‘The First Stampede of Flores LaDue’ documents history of the Calgary Stampede

It’s no secret the Calgary Stampede has attracted millions of visitors to witness some of the best ropers and rodeo acts the Wild West exhibition has to offer.

What many people don’t know is the story behind the founding of the stampede.

In celebration of its 100th anniversary, the Calgary Stampede commissioned a book called “The First Stampede of Flores LaDue,” written by local resident Wendy Bryden.

The history of the stampede begins with rodeo promotor and founder Guy Weadick, who had a vision for the first Calgary Stampede in 1912.

“Every child in Calgary knows he started the first stampede a hundred years ago,” says Bryden, 70. “I used to wonder, ‘Did he have a wife, did he have a life?’ It was always something that intrigued me.”

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The woman behind him was Flores LaDue, a world-champion trick roper who was by his side as the Calgary Stampede was born. But nobody really knew about her.

Bryden says it was fate when she read an article in the Calgary Herald newspaper about the famous cowgirl. She was being honoured by The National Cowgirl Museum and Hall of Fame in Fort Worth, Texas, in 2001.

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Accepting the award posthumously for her (she died in 1951) was longtime friend and Longview, Alta., rancher Lenore Bews McLean, 72. She grew up next door to the ranch where Weadick and LaDue lived in the early 1950s.

“I phoned all the McLean’s in the phone book,” she says. “I finally got her. She was at the ranch.”

Bryden lived only an hour away from the Bews McLean’s ranch. She spent the better part of ten years driving back and forth, writing and re-writing the untold stories and memories of LaDue told to her by Bews McLean and her mother, Josephine Bews.

“Here was this opportunity to give her a voice through Lenore McLean who was a witness to her life,” says Bryden. “It gave us such a wonderful opportunity to tell this familiar story of the Calgary Stampede in a new way because nobody had plundered this material.”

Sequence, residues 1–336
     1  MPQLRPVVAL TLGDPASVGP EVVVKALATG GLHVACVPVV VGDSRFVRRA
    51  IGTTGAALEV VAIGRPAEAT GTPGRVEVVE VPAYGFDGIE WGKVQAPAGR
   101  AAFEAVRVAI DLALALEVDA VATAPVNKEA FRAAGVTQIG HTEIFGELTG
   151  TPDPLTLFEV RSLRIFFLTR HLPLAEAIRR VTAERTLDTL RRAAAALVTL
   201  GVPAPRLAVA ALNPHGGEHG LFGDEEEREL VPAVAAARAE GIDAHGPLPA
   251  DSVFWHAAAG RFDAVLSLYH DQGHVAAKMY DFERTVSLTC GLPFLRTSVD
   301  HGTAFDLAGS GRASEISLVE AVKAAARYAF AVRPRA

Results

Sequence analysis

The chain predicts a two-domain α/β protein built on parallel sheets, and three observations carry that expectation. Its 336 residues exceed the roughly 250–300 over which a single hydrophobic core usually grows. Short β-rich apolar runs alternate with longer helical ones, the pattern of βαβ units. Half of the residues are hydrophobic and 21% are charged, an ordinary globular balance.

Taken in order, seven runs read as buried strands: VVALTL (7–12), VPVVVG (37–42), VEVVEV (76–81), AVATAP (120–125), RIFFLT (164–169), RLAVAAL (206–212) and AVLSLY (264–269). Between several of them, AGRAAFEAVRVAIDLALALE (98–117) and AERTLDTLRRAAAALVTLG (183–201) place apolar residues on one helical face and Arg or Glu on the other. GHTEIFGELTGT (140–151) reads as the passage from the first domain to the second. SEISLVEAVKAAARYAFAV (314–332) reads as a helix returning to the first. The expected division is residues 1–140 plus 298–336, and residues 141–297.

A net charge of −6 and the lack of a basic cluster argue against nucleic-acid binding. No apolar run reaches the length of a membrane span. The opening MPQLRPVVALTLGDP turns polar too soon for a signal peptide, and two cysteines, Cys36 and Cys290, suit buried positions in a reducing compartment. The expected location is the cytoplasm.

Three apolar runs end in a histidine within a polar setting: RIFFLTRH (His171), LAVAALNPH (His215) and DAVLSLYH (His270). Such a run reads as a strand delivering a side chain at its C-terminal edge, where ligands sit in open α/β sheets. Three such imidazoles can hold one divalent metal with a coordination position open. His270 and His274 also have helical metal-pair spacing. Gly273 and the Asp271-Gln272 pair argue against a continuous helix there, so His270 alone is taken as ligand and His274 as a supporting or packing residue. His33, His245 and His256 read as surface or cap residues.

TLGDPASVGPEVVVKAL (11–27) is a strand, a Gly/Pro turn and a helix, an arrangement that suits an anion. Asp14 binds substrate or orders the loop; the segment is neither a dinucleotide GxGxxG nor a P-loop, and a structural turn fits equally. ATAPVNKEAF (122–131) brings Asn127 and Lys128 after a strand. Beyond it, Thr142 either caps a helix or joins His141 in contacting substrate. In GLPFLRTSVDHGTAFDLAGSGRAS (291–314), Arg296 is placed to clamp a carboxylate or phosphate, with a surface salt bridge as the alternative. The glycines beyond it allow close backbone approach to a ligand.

LaDue ran away from her home in Minnesota as a young girl to participate in the Wild West shows. She and Weadick met during a Wild West show circuit in Calgary in 1906. Bryden says LaDue was scared of her feelings for Weadick when they met. She was an independent woman with no interest in dating.

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Despite her reservations, they were married after being together for five weeks. She was 23, he was 21.

After touring in Wild West shows in Canada and the U.S. for years, the couple dreamed of hosting their very own stampede.

The very first Calgary Stampede was held in September 1912, attracting 80,000 people.

Bryden and Bews McLean spent ten years writing the story of Weadick and LaDue, just in time for the Calgary Stampede’s 100th anniversary.

The stampede, which is set to run from July 6 to 15, will feature a special guest: Lenore Bews McLean. She will be riding in the Calgary Stampede parade using LaDue’s saddle given to her by Weadick after she died.

Although Bryden did not know the couple personally, she speaks highly of them.

“They really were a tremendous couple and he was such a visionary,” she says. “She was behind him.”

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